The mean difference in time spent by patients receiving ANC services between baseline and end of study reduced in the intervention arm by 54 minutes (95% CI: −67 to −40), whereas in the control arm it increased by 58 minutes (95% CI: 44 to 73). After adjusting for facility characteristics, there was a significant difference in the change in time spent by pregnant women receiving ANC services between baseline and end of study in the intervention compared to control health facilities (adjusted mean difference: −110 minutes; 95% CI: −128 to −92).
However, average client satisfaction assessment score for ANC attendees was no different between intervention and control sites before, and at the end of the study period (baseline: 47.2 vs. 46.7; end evaluation: 48.4 vs. 47.9; adjusted mean difference, −0.33; 95% CI: −2.27 to +1.62).
The majority of facility-based CQI activities and collaboratives took place as scheduled: 57 of 65 (88%) and 38 of 53 (72%), respectively.
The CQI intervention implemented as part of the study did not result in any significant difference in rates of retention at 6 months postpartum among mothers living with HIV. However, the proportion of HIV-exposed infants from whom a DBS was collected between 6 and 10 weeks of age for infant diagnosis was 75% greater in the intervention arm, and waiting times among pregnant women attending ANC were also significantly less at intervention sites. These suggest that staff at intervention facilities did engage with the CQI process and were willing to implement at least some changes in daily routines that led to measurable improvements in services.
There are several possible explanations for the lack of observed effect on our primary outcome of retention-in-care: the underlying theory of change may have been incorrect; for example, the areas of service delivery targeted for change were too indirectly related to the outcome of interest and not likely to improve retention-in-care among women; the duration, dose, or intensity of the intervention was insufficient or the CQI intervention was not satisfactorily executed25; the health system was resistant to the intervention; factors extraneous to the health system overwhelmed any effects of improved service delivery on the decision-making processes and practices of mothers living with HIV.26 The rates of retention-in-care in the study population were also lower than what had been reported previously in Nigeria.6,7 This probably reflected our more stringent study definition of “full retention” (seen at 6-month postpartum visit and at ALL intermediate follow up visits) than the general programmatic definition (“had a visit within 90 days before 6-month postpartum visit”), differences in measurement approach, and also possible selection bias as both study arms received PEPFAR support.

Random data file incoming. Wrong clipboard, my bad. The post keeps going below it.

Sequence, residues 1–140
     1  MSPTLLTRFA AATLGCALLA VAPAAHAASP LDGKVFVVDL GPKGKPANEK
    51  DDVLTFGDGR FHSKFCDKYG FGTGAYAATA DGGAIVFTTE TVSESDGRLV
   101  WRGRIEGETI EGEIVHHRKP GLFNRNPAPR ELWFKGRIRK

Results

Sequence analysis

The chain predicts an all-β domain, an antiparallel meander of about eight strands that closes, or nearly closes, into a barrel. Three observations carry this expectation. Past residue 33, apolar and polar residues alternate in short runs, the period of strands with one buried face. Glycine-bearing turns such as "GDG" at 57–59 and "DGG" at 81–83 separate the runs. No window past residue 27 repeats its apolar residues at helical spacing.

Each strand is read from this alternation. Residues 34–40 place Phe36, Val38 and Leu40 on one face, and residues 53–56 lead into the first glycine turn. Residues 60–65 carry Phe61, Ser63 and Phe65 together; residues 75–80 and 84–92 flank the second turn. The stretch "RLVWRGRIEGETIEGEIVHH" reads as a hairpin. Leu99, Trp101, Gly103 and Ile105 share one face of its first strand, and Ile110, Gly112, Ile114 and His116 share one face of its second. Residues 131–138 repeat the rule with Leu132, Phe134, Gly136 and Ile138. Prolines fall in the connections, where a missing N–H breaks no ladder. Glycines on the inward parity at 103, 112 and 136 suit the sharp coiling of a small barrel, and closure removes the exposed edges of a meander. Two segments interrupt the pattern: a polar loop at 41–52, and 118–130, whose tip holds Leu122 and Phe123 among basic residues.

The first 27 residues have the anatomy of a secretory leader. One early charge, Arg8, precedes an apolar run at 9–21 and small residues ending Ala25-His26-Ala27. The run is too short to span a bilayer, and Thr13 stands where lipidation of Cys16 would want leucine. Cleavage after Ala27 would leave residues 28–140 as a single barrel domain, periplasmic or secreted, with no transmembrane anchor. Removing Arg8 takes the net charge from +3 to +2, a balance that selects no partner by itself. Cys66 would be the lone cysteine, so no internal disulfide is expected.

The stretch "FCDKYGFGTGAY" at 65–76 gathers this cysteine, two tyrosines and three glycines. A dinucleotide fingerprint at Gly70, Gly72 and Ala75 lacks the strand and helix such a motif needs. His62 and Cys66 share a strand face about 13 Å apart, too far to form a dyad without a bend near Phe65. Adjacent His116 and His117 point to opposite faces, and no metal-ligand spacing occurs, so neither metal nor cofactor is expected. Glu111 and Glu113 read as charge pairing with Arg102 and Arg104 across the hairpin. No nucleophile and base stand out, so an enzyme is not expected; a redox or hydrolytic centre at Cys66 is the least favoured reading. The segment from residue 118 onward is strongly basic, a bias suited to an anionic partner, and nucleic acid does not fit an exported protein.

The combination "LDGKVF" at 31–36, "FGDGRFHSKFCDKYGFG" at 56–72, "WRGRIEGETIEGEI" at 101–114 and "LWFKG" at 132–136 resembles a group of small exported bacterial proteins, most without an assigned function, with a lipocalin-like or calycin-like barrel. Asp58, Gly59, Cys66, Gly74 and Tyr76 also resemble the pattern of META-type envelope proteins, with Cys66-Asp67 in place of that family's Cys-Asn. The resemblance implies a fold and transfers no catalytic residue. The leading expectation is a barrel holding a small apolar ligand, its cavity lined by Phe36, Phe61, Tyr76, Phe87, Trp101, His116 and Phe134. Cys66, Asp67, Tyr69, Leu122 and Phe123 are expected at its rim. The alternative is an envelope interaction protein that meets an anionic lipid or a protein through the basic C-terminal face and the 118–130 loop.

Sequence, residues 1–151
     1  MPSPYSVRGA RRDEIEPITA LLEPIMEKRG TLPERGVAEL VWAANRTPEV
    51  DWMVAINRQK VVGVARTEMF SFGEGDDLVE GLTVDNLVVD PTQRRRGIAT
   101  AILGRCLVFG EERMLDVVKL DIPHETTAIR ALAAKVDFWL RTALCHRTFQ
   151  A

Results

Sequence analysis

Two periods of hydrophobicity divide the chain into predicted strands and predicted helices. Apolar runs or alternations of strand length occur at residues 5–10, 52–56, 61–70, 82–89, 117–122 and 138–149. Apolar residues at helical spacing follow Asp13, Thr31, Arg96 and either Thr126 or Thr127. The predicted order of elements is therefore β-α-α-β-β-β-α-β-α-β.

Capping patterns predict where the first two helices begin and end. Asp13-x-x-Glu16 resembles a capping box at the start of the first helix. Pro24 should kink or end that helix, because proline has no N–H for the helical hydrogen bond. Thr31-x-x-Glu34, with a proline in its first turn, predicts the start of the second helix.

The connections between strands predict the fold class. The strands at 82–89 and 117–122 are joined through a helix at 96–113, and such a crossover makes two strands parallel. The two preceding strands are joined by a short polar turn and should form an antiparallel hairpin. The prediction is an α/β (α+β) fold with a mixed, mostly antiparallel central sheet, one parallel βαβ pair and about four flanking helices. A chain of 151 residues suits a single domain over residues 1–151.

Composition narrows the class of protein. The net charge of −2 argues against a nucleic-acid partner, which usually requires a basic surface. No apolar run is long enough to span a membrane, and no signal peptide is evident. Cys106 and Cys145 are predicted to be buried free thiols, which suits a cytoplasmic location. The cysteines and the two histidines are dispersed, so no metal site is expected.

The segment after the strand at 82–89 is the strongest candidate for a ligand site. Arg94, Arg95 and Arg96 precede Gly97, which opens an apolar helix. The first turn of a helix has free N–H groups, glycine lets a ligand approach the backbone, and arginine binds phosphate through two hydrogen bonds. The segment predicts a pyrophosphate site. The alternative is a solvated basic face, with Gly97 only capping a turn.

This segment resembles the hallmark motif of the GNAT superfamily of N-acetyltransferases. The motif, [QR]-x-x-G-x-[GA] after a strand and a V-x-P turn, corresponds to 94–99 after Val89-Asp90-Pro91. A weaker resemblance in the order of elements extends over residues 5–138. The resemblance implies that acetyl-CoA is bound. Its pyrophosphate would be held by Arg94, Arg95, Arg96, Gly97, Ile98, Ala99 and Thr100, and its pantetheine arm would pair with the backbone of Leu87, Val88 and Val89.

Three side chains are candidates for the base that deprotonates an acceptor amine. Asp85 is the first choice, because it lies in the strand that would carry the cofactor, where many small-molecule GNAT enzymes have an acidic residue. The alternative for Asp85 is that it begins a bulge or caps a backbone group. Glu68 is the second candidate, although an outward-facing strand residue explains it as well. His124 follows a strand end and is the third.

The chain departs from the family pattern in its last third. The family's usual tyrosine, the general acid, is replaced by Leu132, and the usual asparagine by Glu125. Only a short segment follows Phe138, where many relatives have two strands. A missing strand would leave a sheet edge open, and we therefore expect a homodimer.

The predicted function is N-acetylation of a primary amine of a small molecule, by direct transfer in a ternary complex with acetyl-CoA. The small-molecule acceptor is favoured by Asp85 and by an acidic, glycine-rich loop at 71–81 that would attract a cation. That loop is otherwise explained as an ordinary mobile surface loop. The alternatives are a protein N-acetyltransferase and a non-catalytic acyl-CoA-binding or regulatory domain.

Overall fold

On reflection, our field teams considered that the overall intervention time for the study was not sufficient to produce significant changes in practice among health workers and thereby impact on the attendance practices of mothers and their infants. We were unable to evaluate if there was a difference in effect of the intervention among women recruited early in the study compared to those who were recruited later. Health workers required time to assimilate the concept and working of a CQI approach and to become familiar and confident with using data for improvement. There had not been sufficient time to implement and institutionalize the CQI processes before enrolment to the study began. Although most of the planned CQI activities took place as scheduled, it was challenging to implement the CQI data review and action cycles in a matter of weeks or months. The process required high-quality reliable data to be generated to serve as a basis for action and planning by staff at individual clinics. Again, CQI coaches reported at research team meetings that this proved challenging to achieve in clinics, even if individual health workers were committed in principle and some feared that low performance data might be seen as a negative reflection on their commitment to patients.